Eileen Gu, the 18-year-old Californian who is participating for China at the Beijing Games, has previously won two medals in freestyle skiing events. She earned gold in big air last week and nearly missed another in slopestyle on Tuesday, ending with silver.
On Friday, she tackled the halfpipe — which she says is the finest of her three events — attempting a trifecta.
With a big audience of Chinese supporters applauding her every trick, she comfortably scored a 95.25 on her second performance, placing her much above the rest of the competition. By the time she went up for her third run, she had already won gold.
Her halfpipe success fulfilled the aim she had set for the Winter Olympics: to earn three medals for China.
Gu was about to do a last run with a tough cork 10, to show off a little, but her partner Kexin Zhang slipped and hurt her head, then struggled to get up before skiing down the halfpipe. That made Gu contemplate a hazardous run.
“It sort of woke me up, and I’ve never done a victory lap before in my whole life, so I felt like, ‘You know what, last event at the Olympics, it seems like I finally deserve it,’” she added. “I’m incredibly happy.”
Canadians followed in strong following Gu, with Cassie Sharpe capturing silver and Rachael Karker bronze. Sharpe, who won the halfpipe gold at the 2018 Olympics, came back after knee surgery last year.
Gu’s competition also featured her biggest adversary, Kelly Sildaru of Estonia, the only female woman who participated in all three of Gu’s events. Sildaru, who placed fourth, said the halfpipe was a touch sluggish on Friday when it was windy, particularly the right wall. But she was satisfied with her performance.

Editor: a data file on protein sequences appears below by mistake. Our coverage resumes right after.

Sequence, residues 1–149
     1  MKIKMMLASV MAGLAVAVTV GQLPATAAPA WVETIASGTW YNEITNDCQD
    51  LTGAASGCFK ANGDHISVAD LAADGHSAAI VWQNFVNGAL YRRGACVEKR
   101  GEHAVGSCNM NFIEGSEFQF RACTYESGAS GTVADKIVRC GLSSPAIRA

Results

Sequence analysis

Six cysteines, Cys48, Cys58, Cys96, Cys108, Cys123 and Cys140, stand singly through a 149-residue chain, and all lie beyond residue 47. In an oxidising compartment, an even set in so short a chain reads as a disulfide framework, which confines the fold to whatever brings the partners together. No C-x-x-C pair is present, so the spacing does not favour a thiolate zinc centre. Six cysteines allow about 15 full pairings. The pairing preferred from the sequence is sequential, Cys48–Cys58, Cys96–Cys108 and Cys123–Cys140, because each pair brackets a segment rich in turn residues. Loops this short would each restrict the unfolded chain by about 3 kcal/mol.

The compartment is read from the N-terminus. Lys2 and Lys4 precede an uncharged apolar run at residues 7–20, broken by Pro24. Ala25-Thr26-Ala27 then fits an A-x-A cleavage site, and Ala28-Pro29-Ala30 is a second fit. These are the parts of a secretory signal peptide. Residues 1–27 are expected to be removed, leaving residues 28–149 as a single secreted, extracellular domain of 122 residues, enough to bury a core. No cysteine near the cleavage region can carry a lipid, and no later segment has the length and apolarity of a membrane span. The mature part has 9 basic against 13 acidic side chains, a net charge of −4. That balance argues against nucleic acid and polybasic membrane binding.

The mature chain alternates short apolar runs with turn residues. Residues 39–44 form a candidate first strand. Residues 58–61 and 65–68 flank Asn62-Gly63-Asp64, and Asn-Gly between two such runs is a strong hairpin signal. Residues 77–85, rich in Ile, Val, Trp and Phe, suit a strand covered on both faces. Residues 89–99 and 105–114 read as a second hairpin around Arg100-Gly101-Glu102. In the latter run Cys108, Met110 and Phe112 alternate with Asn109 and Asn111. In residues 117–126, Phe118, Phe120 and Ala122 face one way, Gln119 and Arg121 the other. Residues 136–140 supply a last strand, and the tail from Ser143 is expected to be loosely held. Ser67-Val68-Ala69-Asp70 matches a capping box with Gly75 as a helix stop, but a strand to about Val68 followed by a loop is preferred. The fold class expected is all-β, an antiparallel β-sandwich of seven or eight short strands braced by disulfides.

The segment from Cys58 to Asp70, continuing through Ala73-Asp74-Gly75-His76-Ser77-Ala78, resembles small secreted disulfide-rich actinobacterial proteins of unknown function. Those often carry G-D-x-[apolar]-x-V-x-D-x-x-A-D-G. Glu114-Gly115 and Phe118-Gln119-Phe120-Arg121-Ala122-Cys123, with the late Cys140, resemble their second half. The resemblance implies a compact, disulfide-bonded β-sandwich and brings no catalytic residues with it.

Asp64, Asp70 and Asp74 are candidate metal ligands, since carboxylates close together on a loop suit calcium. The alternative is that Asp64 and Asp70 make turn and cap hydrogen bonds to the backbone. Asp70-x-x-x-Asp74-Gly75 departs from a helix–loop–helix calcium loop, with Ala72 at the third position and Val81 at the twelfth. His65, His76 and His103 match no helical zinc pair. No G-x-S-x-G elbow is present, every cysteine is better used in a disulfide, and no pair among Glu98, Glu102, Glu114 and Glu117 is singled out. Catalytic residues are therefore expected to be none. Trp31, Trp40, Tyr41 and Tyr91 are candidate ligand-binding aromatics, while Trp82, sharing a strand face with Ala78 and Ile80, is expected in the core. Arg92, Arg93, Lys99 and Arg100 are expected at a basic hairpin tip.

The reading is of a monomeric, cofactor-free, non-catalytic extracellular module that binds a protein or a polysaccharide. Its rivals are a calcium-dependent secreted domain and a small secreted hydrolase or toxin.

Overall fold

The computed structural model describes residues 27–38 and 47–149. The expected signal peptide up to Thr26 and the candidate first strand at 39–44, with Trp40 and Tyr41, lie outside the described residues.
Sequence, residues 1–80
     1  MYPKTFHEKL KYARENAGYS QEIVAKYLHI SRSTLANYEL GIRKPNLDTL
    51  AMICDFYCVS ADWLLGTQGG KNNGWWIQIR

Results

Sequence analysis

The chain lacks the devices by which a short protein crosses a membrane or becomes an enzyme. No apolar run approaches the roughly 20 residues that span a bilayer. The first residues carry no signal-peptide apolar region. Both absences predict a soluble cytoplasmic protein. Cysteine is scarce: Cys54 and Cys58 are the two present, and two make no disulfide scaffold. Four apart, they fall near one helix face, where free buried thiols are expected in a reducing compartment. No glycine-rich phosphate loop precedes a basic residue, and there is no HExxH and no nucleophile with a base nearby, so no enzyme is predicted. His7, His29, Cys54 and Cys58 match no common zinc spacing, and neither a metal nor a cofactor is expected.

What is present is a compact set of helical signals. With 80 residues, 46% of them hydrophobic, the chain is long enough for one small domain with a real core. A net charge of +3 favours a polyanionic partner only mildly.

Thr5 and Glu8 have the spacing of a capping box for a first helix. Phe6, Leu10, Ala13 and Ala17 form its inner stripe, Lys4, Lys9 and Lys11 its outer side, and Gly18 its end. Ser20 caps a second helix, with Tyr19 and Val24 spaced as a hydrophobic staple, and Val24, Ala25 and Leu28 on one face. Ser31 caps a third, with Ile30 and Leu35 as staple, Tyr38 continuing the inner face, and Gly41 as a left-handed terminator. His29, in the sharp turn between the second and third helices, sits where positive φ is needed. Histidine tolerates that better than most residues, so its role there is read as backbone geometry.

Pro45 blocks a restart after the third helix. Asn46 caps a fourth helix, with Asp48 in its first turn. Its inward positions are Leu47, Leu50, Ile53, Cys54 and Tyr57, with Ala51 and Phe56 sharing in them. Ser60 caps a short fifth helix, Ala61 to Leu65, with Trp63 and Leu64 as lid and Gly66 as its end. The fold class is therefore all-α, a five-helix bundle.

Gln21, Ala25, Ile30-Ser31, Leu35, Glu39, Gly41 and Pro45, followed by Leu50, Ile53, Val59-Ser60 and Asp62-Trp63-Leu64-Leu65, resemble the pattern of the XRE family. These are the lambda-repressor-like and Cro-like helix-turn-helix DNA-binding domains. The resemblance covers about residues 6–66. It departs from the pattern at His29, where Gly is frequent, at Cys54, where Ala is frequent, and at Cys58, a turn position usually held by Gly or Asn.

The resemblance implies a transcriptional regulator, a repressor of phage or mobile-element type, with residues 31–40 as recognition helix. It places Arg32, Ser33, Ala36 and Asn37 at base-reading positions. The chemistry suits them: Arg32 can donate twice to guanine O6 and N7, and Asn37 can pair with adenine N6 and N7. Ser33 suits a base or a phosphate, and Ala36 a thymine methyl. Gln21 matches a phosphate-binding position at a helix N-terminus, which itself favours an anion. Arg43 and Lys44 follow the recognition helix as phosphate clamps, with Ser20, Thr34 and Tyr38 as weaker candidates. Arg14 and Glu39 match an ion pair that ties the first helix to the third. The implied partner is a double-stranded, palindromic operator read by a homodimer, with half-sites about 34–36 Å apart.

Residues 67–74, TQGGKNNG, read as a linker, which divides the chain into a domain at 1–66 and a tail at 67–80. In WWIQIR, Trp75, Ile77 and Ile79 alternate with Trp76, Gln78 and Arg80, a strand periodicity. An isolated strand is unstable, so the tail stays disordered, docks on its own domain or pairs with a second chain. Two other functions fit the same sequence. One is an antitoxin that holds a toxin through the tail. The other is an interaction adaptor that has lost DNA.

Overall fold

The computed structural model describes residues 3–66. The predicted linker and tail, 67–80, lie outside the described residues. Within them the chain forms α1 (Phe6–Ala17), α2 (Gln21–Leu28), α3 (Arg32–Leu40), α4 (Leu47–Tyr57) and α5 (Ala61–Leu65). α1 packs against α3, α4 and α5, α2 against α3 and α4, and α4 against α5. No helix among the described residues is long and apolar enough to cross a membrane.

The United States had a strong contingent, highlighted by the 17-year-old Hanna Faulhaber, who finished fourth at the world championships last year, and Brita Sigourney, 32, who won Olympic bronze four years ago. Faulhaber placed sixth, Sigourney 10th and Carly Margulies 11th in the 12-woman final.
Gu has gained worldwide notice — and some discussion — for her choice in 2019 to represent her mother’s country.
The choice was scarcely acknowledged when she was 15 and the Beijing Olympics were over three years away. Now Gu dominates her sport and finds herself straddling a widening geopolitical breach between her two nations.
Yan Gu, Eileen’s mother, was born in Shanghai and reared in Beijing, the daughter of a government engineer. She went to the United States roughly 30 years ago for postgraduate study and resided in San Francisco.
Eileen Gu, reared in San Francisco, has become a model, representing premium labels like Louis Vuitton and Tiffany. She has so many sponsorships in China that she is a ubiquitous presence in ads and gets great publicity from the official news media.
Gu has claimed that she wants to be a bridge between the United States and China while motivating young women and assisting China’s budding winter-sports sector to thrive. She and her mother have refused to tackle any of the delicate geopolitical concerns that affect the competing nations.
Gu knows the previous two weeks will impact her life forever.
“It has been two straight weeks of the most intense highs and lows I’ve ever encountered in my life,” she added.